Sharing Lessons from The Hive

Bee Downtown founder Leigh-Kathryn Bonner says starting the company was a way for her to honor her family's history in agriculture. "Some of my favorite memories growing up were on our farm," she says. "My grandpa taught us what it means to put in the work to take something from seed to harvest.”

Every spring, Bee Downtown’s hives buzz with activity. It’s the busy season for honey-making bees, and usually the same goes for the staff at the Triangle company.

But there’s nothing normal about this spring. Instead of leading hive tours and honey-tastings for its corporate partners, Bee Downtown beekeepers and staff are spreading the joy of bees through a free online platform called The Hive.

“While our team could have looked at this time as time for unplanned rest,” wrote founder and CEO Leigh-Kathryn Bonner, “we chose to keep this our busy season. We chose to put on our work boots and got to work creating an entirely digital version of Bee Downtown.”

The site features virtual hive tours, honey-centric recipes, and bee-related activities for children and families. It also includes lots of professional development resources – podcasts, webinars and videos – inspired by the industrious insects.

The newest effort of Bee Downtown, the BDT Leadership Institute “focuses on kinetic biomimicry to lead the way in leadership development,” according to the website. Available on The Hive are lessons around communication, trust, sustainability, building effective teams and responding to change.

During one webinar on “Long-term Focus Under Short-term Pressure,” Bonner used the seasonal activities of the hive as an analogy – addressing immediate needs during a crisis, but always working toward the goals of the group.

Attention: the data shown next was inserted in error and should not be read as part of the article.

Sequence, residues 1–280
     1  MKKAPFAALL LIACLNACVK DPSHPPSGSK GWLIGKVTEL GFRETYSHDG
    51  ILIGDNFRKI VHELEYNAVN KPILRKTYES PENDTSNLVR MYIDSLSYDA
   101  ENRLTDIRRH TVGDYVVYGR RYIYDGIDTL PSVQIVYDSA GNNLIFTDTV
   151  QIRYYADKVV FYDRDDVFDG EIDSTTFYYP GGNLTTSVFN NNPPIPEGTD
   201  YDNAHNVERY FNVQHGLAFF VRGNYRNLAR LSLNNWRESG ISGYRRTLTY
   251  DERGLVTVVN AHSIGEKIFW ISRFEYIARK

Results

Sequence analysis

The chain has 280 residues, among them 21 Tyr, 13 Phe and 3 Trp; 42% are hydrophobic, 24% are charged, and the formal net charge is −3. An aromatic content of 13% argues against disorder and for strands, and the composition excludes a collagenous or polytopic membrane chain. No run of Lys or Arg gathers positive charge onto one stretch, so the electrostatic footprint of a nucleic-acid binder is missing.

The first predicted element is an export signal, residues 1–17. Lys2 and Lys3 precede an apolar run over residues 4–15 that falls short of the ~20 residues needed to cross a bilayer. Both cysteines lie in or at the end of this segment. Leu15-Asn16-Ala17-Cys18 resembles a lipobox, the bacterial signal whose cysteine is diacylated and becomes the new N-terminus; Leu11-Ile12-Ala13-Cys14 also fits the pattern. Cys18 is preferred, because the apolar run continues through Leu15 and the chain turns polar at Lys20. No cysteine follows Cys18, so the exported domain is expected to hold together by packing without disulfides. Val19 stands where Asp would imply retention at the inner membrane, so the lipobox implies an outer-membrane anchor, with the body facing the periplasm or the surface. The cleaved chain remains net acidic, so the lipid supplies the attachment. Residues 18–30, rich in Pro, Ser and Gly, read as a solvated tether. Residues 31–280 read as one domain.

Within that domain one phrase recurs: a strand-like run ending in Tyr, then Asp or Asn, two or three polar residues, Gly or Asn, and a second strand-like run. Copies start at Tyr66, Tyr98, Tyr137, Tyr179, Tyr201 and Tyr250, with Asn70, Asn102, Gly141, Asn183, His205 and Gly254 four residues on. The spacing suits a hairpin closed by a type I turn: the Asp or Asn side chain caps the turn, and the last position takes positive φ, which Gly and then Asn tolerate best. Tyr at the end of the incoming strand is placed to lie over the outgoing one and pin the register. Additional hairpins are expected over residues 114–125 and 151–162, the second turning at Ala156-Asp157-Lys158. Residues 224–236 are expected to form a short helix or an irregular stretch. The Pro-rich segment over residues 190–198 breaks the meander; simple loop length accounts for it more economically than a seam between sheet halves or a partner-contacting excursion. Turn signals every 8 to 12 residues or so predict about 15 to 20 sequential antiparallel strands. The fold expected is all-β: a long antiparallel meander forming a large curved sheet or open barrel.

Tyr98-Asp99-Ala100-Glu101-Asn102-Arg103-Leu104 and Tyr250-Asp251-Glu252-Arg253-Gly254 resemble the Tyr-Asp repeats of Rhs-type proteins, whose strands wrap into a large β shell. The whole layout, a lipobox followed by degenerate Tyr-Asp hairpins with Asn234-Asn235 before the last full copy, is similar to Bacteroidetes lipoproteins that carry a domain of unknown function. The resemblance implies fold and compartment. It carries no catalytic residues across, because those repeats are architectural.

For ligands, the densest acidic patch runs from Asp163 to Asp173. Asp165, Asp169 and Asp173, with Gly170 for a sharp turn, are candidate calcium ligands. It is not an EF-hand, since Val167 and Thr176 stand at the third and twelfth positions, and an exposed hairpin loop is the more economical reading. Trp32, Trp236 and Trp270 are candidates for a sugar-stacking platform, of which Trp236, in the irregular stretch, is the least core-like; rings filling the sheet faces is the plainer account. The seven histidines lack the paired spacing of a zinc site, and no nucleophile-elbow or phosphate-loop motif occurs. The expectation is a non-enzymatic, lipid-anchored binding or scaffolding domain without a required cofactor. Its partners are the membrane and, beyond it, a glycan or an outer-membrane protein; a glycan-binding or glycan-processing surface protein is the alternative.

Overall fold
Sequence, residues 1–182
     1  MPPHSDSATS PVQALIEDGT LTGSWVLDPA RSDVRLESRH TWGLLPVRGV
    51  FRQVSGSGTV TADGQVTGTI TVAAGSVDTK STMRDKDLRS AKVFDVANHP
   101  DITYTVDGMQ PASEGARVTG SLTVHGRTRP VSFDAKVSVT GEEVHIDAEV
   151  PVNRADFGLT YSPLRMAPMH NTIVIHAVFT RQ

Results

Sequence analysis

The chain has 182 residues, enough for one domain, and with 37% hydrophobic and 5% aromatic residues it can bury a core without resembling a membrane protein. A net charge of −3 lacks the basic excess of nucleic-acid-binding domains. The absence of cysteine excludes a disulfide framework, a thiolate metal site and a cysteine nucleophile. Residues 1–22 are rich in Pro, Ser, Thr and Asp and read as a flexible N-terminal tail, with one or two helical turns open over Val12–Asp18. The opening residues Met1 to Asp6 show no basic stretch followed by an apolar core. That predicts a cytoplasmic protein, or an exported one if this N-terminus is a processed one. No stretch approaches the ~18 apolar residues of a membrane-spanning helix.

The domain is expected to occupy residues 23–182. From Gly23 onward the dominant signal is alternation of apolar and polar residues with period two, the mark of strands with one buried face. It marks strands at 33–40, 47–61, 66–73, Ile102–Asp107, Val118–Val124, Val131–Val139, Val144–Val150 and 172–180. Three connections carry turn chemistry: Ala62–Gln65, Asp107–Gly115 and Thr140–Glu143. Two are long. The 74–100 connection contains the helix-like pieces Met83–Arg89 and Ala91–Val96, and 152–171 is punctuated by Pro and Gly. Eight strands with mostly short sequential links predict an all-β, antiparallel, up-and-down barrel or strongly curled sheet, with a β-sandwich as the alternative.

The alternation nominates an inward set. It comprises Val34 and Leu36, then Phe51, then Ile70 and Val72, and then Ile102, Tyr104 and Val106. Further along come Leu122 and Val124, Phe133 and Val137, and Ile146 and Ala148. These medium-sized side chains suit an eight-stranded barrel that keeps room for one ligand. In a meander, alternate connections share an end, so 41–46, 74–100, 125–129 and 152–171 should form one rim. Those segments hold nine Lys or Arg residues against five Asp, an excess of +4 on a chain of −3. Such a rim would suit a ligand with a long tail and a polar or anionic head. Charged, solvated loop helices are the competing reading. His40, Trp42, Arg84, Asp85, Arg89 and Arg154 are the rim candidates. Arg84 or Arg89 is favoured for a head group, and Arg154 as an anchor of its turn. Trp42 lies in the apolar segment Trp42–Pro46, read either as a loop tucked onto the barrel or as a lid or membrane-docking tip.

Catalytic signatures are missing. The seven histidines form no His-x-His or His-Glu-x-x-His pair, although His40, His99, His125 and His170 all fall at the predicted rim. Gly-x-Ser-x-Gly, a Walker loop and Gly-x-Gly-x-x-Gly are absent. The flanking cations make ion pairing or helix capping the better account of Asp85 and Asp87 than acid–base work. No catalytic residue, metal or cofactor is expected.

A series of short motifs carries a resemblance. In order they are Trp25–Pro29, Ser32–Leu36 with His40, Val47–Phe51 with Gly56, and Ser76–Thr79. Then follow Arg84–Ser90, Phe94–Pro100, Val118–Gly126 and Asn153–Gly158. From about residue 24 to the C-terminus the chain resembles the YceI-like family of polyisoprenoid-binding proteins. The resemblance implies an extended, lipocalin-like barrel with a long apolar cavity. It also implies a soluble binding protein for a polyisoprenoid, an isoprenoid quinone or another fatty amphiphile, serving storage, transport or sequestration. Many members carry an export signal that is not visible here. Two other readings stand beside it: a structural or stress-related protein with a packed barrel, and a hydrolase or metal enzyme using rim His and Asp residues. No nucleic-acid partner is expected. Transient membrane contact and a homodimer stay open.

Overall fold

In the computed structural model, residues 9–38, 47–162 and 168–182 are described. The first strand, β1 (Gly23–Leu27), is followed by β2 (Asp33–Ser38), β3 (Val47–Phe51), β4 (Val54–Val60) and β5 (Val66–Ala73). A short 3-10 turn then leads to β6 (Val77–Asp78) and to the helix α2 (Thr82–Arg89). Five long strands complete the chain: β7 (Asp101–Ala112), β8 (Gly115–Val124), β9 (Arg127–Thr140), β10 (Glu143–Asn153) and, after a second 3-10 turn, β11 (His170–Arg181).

“Bees basically survive and advance. That’s their mentality: survive, build, grow, get strong, and then advance to winter, and successfully move back into next spring. The bees have this beautiful ability to do that. They grow and they collapse when they need to and grow again,” she said.

“The bees are able to adapt in this volatile and uncertain world with clarity around the end goal, clarity always around survive and advance.”

That balance can be challenging as leaders and businesses cope in a post-pandemic world, says Joseph LeBoeuf, Bee Downtown’s chief learning officer. Key to success in challenging times are creativity, innovation and teamwork.

Taking time to assess the situation calmly is also vital. When most of Bee Downtown’s spring activities were canceled and the stress was getting her down, Bonner took time to sit with the bees. That time of reflection helped inspire The Hive, she writes.

“Once you fall in love with the bees and your interest is piqued with bees, it will be for the rest of your life, because you will always be able to learn something from the bees,” said Bonner.


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